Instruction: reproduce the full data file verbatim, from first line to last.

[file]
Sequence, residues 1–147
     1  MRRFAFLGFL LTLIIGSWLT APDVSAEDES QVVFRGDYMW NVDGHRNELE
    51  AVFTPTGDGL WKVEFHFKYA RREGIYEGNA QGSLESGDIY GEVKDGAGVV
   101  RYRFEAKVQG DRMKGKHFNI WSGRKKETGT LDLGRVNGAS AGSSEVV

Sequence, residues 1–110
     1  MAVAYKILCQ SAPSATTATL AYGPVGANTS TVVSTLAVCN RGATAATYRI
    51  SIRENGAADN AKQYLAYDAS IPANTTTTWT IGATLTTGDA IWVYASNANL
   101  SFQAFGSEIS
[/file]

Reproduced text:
Sequence, residues 1–147
     1  MRRFAFLGFL LTLIIGSWLT APDVSAEDES QVVFRGDYMW NVDGHRNELE
    51  AVFTPTGDGL WKVEFHFKYA RREGIYEGNA QGSLESGDIY GEVKDGAGVV
   101  RYRFEAKVQG DRMKGKHFNI WSGRKKETGT LDLGRVNGAS AGSSEVV

Sequence, residues 1–110
     1  MAVAYKILCQ SAPSATTATL AYGPVGANTS TVVSTLAVCN RGATAATYRI
    51  SIRENGAADN AKQYLAYDAS IPANTTTTWT IGATLTTGDA IWVYASNANL
   101  SFQAFGSEIS